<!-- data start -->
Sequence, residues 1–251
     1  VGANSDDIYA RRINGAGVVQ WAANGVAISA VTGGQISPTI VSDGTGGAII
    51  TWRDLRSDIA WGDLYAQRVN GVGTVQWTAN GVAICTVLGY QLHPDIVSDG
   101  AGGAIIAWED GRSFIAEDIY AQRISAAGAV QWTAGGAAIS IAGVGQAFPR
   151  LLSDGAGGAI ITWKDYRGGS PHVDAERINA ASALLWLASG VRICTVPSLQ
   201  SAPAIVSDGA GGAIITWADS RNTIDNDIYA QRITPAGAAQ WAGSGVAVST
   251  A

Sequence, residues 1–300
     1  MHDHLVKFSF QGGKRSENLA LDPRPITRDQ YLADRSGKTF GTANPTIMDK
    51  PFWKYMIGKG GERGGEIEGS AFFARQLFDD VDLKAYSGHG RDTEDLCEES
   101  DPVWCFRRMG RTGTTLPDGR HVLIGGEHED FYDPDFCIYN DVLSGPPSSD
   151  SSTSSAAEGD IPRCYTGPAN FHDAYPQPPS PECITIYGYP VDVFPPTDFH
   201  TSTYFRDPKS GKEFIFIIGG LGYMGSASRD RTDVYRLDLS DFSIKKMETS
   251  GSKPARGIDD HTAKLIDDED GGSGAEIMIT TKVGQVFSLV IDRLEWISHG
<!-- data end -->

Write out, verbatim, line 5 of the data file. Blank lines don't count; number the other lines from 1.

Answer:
   151  LLSDGAGGAI ITWKDYRGGS PHVDAERINA ASALLWLASG VRICTVPSLQ